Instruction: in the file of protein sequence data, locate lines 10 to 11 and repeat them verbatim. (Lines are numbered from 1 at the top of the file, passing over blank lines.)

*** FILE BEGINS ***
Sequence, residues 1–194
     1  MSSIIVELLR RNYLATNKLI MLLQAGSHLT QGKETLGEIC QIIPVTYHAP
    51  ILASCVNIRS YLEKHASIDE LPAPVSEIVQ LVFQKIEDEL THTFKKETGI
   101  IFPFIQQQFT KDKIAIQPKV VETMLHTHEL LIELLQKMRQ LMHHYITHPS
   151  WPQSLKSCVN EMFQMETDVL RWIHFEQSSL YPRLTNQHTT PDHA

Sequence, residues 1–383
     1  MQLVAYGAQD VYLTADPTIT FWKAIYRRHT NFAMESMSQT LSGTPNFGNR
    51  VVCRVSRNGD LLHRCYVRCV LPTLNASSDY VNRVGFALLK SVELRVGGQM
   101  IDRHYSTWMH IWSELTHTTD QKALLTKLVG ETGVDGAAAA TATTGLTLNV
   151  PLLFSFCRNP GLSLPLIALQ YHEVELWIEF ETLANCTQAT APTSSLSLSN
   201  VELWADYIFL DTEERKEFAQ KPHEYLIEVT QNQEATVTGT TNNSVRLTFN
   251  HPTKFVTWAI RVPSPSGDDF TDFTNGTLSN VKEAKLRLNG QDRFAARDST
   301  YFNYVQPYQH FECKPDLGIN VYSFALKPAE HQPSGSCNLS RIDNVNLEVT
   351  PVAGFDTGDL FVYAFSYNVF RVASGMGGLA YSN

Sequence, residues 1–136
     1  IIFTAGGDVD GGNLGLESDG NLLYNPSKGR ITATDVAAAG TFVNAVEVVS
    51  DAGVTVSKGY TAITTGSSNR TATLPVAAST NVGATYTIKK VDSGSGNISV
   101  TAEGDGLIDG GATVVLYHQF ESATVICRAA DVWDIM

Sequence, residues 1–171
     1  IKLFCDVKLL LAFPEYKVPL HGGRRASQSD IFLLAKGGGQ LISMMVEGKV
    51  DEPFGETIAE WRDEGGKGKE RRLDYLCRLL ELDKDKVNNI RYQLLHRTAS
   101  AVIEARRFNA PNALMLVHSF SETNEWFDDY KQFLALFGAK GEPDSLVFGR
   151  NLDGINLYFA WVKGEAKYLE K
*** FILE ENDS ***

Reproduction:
   151  PLLFSFCRNP GLSLPLIALQ YHEVELWIEF ETLANCTQAT APTSSLSLSN
   201  VELWADYIFL DTEERKEFAQ KPHEYLIEVT QNQEATVTGT TNNSVRLTFN